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ACLU, Judges Sue Gov. Abbott Over Order Limiting Jail Releases During COVID-19 Pandemic

Gabriel C. Pérez
Gov. Greg Abbott speaks during a news conference regarding the coronavirus at the Texas Division of Emergency Management at the State Operations Center on Feb. 27.

The ACLU has sued Gov. Greg Abbott, alleging his move to block people accused of violent crimes from receiving personal bonds is unconstitutional.

The governor's order, issued March 29, bars judges from issuing these bonds, which grant defendants conditional release at little or no cost, if a person has been accused of a violent crime. Meanwhile, defendants who can pay a cash bond could still be released.

RELATED | Gov. Abbott Limited Texas Judges' Ability To Grant Bonds. Opponents Say That's Unconstitutional

Opponents say the order could keep poor defendants in jail, while allowing defendants who can afford bond to walk free. They also say preventing the release of low-level offenders could exacerbate the spread of COVID-19 in jails.

Abbott has argued his order would keep possibly violent offenders off the streets in an effort to maintain public safety during the pandemic and that his powers under the state disaster declaration grant him that authority.

"Under this order, those unable to afford bail are required to ride out a pandemic in the dangerous setting of a jail, while wealthier people are able to buy their way out."

The order explicitly restricts Texas judges from granting personal bonds, which plaintiffs say isn't allowed under the state constitution's separation of powers. The lawsuit, filed Wednesday in state district court in Travis County, alleges the governor exceeded his authority to block those releases.

“At a time when public health experts agree that limiting the population in jails is critical to prevent outbreaks of COVID-19, this order ties local officials’ hands in trying to mitigate the impact of the pandemic for all Texans and prevent loss of life," ACLU Texas Legal Director Andre Segura said in a statement. "Under this order, those unable to afford bail are required to ride out a pandemic in the dangerous setting of a jail, while wealthier people are able to buy their way out."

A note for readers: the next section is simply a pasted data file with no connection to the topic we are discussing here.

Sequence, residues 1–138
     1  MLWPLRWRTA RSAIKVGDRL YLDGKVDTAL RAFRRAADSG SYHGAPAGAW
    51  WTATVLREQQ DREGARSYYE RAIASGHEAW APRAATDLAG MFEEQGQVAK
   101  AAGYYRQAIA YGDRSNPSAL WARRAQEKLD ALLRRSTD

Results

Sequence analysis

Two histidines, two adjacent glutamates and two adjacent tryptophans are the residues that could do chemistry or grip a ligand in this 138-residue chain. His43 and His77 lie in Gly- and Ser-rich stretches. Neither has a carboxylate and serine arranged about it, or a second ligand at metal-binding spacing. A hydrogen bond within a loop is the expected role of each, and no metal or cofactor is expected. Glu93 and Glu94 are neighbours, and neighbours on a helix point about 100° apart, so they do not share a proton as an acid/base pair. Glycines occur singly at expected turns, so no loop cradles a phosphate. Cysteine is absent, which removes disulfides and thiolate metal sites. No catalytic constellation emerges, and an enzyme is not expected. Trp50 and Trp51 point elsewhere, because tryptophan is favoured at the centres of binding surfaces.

The Texas Criminal Defense Lawyers Association, the Texas chapters of the NAACP, Texas Fair Defense, the Austin criminal defense bar and all 16 misdemeanor judges in Harris County are also party to the suit.

Abbott's order came as judges in Harris County sought to release inmates accused of low-level offenses to prevent the spread of COVID-19. Last week, Harris County Judge Lina Hidalgo ordered the sheriff to release of hundreds of inmates from Harris County Jail, which has a capacity of roughly 8,000. 

Attorneys in Harris County also filed a request in federal court last week to stop the governor's order.

KUT reached out to Abbott's office for a comment, but has not yet heard back. 

Got a tip? Email Andrew Weber at Follow him on Twitter @England_Weber.

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Andrew Weber is a general assignment reporter for KUT, focusing on criminal justice, policing, courts and homelessness in Austin and Travis County. Got a tip? You can email him at Follow him on Twitter @England_Weber.
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